THE ARMY is now investigating allegations that recruiters have doctored criminal and school records and stolen copies of military admissions tests in order to fill recruiting quotas. As a result, it is reported, overweight people and epileptics and others unfit have been admitted to the Army. So far, 319 recruiters and five officers have been relieved of duty as a result of the investigation's findings.

By itself, this would be a minor scandal. But the charges and publicity inevitably lead to the question of whether the volunteer army is working. Questions about the strength and practicality of the volunteer army are central to the brief of those who wish to reinstate the draft. The scandal looks even more consequential because it comes on the heels of news that all four armed services failed to meet recruitment goals for the first time in fiscal year 1978. They were 14,000 short of the goal of 158,700. In addition, the scandal could be seen to carry more weight because standards for recruits are being lowered. Last month, the educational requirement (10th grade) for all Army recruits was dropped.

According to recruiters, the heart of the scandal lies in their unreasonably large monthly quotas. They contend that recruiting for the new army means standing on street corners, in some cases, and playing nursemaid to young men who won't wake up or show up for tests or interviews. Recruiters who fail to meet their quotas, in some offices, are berated. Not meeting quotas and being transferred also can mean a loss of the extra pay, as much as$150, that recruiters receive.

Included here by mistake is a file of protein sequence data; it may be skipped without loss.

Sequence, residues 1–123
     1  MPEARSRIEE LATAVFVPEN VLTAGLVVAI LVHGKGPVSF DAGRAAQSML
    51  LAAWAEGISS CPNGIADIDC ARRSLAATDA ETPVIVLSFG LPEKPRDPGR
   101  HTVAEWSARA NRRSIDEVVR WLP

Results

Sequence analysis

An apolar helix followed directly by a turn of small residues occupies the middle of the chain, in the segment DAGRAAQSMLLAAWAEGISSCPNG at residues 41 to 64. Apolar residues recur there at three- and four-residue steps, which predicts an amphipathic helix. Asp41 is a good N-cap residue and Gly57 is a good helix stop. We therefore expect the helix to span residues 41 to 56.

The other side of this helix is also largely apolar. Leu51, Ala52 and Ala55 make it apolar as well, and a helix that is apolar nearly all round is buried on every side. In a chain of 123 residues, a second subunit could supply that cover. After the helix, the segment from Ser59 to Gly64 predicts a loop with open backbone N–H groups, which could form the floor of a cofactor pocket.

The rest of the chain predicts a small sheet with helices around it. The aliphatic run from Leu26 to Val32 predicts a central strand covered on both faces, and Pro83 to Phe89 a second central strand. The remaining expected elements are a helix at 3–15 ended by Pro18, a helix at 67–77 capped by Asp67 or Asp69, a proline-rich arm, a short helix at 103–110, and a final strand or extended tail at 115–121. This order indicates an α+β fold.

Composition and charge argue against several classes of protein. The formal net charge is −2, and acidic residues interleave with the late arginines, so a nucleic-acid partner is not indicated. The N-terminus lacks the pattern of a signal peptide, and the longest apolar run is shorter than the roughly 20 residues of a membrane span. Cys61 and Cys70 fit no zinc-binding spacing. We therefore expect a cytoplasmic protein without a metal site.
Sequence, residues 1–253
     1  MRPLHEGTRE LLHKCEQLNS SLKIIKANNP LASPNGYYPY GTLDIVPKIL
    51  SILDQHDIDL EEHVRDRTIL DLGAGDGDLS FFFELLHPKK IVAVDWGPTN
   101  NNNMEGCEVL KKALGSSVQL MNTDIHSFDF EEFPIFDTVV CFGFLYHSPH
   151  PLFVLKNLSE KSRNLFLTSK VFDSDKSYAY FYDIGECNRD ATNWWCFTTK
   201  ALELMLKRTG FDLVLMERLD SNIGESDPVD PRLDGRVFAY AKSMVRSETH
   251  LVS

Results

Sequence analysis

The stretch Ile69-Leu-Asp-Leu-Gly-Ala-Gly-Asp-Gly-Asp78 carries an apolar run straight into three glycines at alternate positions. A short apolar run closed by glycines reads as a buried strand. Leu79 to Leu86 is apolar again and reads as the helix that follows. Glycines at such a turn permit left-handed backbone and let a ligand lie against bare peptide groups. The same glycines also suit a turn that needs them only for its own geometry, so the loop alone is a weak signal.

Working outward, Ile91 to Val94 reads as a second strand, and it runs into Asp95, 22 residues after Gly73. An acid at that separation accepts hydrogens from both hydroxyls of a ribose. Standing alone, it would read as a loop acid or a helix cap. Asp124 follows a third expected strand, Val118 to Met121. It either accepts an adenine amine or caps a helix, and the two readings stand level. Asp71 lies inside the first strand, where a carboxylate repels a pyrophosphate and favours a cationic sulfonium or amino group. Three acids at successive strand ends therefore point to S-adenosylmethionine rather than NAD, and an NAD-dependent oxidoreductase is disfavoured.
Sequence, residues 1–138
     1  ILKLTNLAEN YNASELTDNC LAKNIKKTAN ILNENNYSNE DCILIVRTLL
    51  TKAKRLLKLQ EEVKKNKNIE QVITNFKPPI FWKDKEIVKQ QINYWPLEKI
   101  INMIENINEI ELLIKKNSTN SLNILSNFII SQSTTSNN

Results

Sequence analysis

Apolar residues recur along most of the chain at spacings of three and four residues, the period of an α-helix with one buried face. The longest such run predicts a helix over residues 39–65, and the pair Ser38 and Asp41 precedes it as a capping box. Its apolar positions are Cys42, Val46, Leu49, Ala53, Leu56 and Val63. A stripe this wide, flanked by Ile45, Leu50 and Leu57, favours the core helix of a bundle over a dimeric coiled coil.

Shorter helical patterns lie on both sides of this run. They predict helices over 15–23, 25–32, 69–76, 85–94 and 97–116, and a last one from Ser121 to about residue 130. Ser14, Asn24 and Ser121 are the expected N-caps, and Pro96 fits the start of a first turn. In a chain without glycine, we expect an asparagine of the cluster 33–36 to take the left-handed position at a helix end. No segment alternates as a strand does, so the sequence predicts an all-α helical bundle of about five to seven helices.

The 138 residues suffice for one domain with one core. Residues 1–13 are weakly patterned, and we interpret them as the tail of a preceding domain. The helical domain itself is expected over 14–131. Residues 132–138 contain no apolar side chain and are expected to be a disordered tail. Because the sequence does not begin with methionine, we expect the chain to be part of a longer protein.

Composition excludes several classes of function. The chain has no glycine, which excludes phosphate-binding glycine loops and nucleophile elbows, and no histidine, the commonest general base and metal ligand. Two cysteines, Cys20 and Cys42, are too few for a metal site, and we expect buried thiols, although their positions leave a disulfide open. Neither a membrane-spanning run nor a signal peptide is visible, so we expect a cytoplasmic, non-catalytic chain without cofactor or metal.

The recruitment scandal isn't proof that the volunteer army doesn't work. But it certainly is a signal of trouble. It suggests, first, the urgency of revising recruiting procedures by, for instance, rotating recruiting assignments among many soldiers to reduce the pressure to cut corners often felt by recruiters on full-time duty. Then, there may be a need to offer higher incentives to recruits, in the way a private company offers better wages to obtain better quality employees. A third avenue is to make sure that recruiting ads and other sales pitches do not promise more in, say, training and travel than can be delivered: that could reduce some of the later disillusionment, which filters back and affects other would-be recruits. Finally, it is important to offer better pay and housing allowances to keep the people the services already have. As a volunteer force, the armed services now have to compete with private industry for skilled labor. It would often be less costly to pay skilled people more to retain them than to recruit and train replacements.

A seante Armed Services subcommittee begins hearings on military recruiting practices on Monday. But it should take neither congressional grilling nor another scandal for the army to take the recruiting situation into hand.